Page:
No one’s an expert at everything.
This past Saturday, while working on a home improvement project, I faced a choice: I could risk injury—or I could ask my wife’s help.
I needed to trim several inches from the end of an eight-foot board. My table saw was ready. But without a third hand, I couldn’t support the board to make the cut.
I could have tried to jury-rig some kind of support. But why bother? All I had to do was ask for her help.
Writing projects can also be like that. Recently a multi-published author asked for my help on a daily devotional. Much of the material dated back several decades, before he’d gotten formal training in writing. He has great insights that he expresses well, but knows that grammar is a weak point. He asked me to examine each entry—primarily to check the grammar.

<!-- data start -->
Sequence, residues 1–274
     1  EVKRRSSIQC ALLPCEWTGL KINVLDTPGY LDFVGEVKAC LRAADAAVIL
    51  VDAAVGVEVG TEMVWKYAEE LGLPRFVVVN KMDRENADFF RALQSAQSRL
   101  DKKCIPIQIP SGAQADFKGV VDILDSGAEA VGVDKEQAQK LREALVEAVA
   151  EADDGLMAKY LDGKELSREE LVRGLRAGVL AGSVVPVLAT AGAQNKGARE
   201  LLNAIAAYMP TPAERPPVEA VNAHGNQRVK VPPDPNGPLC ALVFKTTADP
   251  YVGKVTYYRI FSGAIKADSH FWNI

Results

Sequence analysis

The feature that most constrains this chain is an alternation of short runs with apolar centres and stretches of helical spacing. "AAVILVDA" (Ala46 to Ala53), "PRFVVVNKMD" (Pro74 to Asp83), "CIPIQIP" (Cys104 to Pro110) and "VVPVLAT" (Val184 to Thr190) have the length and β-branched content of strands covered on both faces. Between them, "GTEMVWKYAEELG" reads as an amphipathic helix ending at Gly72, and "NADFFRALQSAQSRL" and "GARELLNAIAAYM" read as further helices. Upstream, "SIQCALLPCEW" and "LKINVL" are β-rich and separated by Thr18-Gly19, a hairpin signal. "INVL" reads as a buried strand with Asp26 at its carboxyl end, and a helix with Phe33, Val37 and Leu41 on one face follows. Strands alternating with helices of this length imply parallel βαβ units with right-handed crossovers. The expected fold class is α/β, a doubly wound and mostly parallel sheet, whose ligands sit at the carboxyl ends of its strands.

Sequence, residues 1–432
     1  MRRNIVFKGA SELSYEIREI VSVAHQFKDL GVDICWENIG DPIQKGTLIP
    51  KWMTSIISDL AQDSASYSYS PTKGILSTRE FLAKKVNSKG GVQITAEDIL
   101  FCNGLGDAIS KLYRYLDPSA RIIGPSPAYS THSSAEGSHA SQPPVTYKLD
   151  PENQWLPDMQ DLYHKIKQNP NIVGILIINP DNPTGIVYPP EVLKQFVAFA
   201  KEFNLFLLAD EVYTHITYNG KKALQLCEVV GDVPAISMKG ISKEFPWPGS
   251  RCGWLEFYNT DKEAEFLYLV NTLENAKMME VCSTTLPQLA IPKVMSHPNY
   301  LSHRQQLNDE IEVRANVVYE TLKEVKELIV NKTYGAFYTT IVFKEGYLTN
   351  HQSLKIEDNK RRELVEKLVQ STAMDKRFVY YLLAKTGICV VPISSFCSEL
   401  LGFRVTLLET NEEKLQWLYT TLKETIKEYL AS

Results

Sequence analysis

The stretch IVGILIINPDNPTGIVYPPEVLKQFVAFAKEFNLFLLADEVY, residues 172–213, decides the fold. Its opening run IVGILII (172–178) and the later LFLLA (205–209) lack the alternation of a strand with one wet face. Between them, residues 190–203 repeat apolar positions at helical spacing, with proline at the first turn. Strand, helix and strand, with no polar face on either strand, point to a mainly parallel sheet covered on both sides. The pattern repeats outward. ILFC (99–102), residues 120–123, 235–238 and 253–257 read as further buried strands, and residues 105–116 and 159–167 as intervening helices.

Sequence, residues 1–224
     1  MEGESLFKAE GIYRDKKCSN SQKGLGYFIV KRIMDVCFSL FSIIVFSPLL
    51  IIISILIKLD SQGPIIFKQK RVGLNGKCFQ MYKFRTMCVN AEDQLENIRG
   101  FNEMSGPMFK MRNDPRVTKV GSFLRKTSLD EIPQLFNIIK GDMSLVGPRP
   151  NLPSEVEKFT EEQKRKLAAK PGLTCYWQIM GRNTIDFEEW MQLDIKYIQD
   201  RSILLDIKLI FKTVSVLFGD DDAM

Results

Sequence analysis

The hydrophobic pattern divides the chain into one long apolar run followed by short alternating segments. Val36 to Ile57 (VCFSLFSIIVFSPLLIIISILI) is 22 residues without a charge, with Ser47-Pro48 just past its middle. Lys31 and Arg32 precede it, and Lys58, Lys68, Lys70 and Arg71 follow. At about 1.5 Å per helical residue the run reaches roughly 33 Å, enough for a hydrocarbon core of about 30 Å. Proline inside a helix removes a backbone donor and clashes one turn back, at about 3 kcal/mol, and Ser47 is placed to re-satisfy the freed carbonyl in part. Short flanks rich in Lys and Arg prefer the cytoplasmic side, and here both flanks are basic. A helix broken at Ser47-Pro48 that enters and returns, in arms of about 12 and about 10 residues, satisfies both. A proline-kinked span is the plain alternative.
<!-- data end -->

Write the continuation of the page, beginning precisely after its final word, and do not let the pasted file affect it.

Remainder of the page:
Then there was the YA fantasy novel I just edited. The author spun a captivating story. But he struggled with his dialogue attributions, using an old-fashioned, telling style that pulled readers out of the story. In the tracked-changes version I sent him, he could see how I made sure speakers were identified clearly and early, how I mixed dialogue tags with beats and replaced the telling dialogue tags.
If we’re wise, we’ll find others we can trust to point out those shortcomings.
On his next novel, he might not need this help. Or maybe he will. We all have weaknesses, areas of our writing in which we’ll always struggle. If we’re wise, we’ll find others we can trust to point out those shortcomings. One we’ve overcome an initial reluctance to ask for help, we’ll be glad we did.